So I didn’t get around to making a batch of puff pastry last weekend… I decided that it was just too hot. Although I was able to make batches of short crust, pate sucre and galette doughs, and I’ll be making a batch of pie crust tonight, puff pastry would have just been too finicky. Plus, I just didn’t feel like dealing with four plus hours of rolling and folding. Only the French would come up with a dough as convoluted (and glorious) as puff pastry. Instead, I turned my attention to the produce I purchased this weekend.
Since the season is ending, I stocked up. Sour cherries don’t keep for very long, so I decided to try my hand at preserving them in pickles and jam. I’ve never actually tried canning before, but the process is fairly simple: sterilize some mason jars in boiling water, pour in the prepared food, seal the jars (the bands can be reused, the lids can’t) and sterilize the sealed jars in boiling water again (cover them with at least an inch of water). Keep the bands and lids in hot (not boiling) water, and dry them and the jar rims when you’re ready to seal. The jars need to be sterilized for fifteen minutes each time.
For the jam, I used David Lebovitz’s no-measurement/no-thermometer recipe. It’s pretty simple – I won’t repost it here, because he explains it much better than I can, but I will add that for each pound of fruit, you will produce about a cup of jam.
I adore charcuterie, so when I read in Chez Panisse Fruits that pickled sour cherries made an “irresistable” accompaniment to pate, my curiousity was piqued. This recipe is even simpler than the jam: Trim the stems of 2 pounds of cherries down to 1/2 inch, (do not pit them) and distribute them in sterilized jars. Boil 4 1/4 cups of white vinegar with 1 1/2 cups of white sugar, 4 cloves and 6 peppercorns for three minutes. Pour hot brine over cherries, seal and sterilize, then let them stand in a cool, dark place for two months. I have another 59 days to go before tasting, so we shall see.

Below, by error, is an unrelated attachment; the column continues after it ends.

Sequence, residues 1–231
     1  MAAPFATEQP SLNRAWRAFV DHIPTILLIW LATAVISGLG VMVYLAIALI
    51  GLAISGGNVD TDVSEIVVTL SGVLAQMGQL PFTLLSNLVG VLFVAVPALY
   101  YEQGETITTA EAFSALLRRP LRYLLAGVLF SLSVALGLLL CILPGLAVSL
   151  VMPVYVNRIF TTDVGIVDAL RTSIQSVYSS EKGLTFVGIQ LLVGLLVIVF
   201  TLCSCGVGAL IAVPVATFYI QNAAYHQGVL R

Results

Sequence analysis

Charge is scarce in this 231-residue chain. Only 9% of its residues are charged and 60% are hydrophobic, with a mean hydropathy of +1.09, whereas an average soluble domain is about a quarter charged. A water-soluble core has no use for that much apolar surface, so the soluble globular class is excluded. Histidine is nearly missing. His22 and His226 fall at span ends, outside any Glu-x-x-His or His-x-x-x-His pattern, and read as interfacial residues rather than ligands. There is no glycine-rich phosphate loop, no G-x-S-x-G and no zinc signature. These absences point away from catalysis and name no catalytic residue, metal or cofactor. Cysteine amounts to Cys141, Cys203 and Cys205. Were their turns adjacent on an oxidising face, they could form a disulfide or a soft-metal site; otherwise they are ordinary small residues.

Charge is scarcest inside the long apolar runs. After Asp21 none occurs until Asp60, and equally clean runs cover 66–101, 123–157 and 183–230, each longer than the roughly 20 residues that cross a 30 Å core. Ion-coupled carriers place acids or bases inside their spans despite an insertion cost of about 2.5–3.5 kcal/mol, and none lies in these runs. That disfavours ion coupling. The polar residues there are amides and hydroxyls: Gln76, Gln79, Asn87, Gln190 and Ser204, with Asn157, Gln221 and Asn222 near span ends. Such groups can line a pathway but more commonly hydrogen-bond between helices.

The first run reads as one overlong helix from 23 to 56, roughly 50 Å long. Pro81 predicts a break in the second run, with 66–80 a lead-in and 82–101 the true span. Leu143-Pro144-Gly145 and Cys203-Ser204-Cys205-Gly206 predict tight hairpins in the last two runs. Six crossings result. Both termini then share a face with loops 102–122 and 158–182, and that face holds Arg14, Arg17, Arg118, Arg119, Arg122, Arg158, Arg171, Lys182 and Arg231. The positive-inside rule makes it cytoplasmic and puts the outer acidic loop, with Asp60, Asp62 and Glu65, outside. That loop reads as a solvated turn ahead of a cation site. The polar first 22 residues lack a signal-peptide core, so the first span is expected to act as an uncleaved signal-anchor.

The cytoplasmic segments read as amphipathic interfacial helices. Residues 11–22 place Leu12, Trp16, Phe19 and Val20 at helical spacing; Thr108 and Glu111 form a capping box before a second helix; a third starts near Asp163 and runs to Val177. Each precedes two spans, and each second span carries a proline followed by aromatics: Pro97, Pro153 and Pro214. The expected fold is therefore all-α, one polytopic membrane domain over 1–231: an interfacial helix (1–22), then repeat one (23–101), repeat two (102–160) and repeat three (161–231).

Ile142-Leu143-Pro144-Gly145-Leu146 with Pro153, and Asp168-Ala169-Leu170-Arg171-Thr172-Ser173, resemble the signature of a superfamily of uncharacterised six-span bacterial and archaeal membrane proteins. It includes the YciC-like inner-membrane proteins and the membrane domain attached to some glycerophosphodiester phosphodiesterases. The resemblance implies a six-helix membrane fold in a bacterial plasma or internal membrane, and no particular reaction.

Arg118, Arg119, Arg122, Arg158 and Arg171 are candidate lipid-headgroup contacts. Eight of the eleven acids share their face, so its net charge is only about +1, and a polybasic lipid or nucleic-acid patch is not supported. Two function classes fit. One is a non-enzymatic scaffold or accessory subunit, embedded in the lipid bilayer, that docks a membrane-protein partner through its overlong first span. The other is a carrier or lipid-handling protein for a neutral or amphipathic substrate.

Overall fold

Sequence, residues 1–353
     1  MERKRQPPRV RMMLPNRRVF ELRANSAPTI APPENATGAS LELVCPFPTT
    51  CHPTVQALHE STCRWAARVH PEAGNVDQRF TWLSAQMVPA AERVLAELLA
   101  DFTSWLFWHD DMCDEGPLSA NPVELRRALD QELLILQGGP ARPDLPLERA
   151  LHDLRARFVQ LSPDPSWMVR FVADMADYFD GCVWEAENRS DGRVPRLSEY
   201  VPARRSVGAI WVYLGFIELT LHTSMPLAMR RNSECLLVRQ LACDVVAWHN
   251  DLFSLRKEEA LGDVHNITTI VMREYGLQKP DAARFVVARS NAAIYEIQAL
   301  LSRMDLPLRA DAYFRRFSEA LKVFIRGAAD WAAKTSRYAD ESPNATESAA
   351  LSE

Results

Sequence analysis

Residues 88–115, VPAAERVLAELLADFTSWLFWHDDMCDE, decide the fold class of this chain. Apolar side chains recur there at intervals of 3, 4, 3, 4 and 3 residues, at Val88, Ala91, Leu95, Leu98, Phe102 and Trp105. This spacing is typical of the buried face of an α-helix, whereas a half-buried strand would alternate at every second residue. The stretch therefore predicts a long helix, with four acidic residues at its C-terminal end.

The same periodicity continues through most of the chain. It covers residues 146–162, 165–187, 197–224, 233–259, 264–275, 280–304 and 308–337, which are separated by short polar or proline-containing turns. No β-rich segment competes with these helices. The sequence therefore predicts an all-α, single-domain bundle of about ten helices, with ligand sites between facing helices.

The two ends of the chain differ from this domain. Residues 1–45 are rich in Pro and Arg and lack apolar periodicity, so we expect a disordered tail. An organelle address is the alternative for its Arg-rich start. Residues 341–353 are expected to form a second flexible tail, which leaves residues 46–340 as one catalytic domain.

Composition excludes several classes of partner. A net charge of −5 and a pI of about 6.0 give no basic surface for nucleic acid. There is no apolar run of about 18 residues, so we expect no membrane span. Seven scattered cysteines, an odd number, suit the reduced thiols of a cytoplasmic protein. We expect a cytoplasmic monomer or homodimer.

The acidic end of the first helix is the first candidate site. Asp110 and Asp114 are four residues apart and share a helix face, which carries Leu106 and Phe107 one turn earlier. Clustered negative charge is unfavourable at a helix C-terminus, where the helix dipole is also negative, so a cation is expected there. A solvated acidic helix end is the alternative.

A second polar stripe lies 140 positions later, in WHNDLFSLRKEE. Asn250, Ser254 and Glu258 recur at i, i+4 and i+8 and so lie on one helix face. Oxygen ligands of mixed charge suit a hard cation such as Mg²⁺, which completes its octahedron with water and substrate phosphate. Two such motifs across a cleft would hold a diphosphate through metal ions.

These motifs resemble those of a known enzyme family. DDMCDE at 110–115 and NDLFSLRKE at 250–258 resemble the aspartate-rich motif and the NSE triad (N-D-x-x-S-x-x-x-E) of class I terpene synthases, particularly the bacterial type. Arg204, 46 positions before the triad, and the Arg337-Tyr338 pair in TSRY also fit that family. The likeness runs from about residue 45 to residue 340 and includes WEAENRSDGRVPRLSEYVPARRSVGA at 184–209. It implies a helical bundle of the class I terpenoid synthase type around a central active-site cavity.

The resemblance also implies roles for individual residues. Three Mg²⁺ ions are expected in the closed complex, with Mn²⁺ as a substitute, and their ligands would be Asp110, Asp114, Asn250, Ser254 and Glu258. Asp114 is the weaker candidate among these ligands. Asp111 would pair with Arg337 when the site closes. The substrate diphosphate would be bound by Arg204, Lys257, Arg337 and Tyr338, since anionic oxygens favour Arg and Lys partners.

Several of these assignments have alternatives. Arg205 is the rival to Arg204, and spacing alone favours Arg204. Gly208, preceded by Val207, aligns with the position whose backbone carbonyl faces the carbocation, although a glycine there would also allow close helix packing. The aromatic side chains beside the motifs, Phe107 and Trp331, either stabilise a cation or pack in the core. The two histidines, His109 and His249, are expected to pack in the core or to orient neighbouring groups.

A couple of side note: These recipes can be used with regular cherries, too. In general, when selecting cherries, be sure to pick unblemished fruit with the stems still attached. Mold and rot usually start at the “empty” hole.
This was one of those happy coincidence where I was flipping through a cookbook (Bouchon), and saw that I had all the components for a recipe in my fridge. I even had skate wing to serve with it. It’s pretty easy, too. Slice one or two trimmed and cored fennel bulbs into half-rings, and slice 1 medium yellow onion into sticks. Over medium heat, whisk a quarter cup of water with 6 tablespoons of butter until melted. Add the sliced fennel and onions and salt, along with a bouquet garni. Bring to a boil, then cover with a cartouche. Check and stir every 20 or 30 minutes, making sure that the liquid is reducing and the vegetables are softening, without browining. After about two hours, turn off the heat and allow to cool in its own liquid. Rewarm the confit, and stir in a quarter cup of chopped nicoise olives and 2 tablespoons of chopped Italian parsley. This is excellent with seafood – I had it with pan fried skate wing and tapenade – or on its own.
A bouquet garni is a cornerstone of French cooking. You take 2 or 3 cleaned leek greens and tuck 2 branches of Italian parsley, 6 branches of thyme, 2 bay leaves and 6 peppercorns within, tying with twine. I like to trim the top and bottom (making sure not to trim off the herbs within, though trimming to bottoms is okay) so that it’ll fit in the pot. I’ve taken to preparing a few at once, so I can use them in the days ahead.
A cartouche is a parchment paper pot lid. It traps heat and moisture while allowing liquids to reduce at a more controlled pace. Take a square piece parchment and fold into sixteenths. It should form a skinny triangle. Measure the triangle against your pot lid’s radius, and trim at the bottom. Snip a small hole at the top (apex of the triangle). Unfold et voila! You have a cartouche fitted to your pot.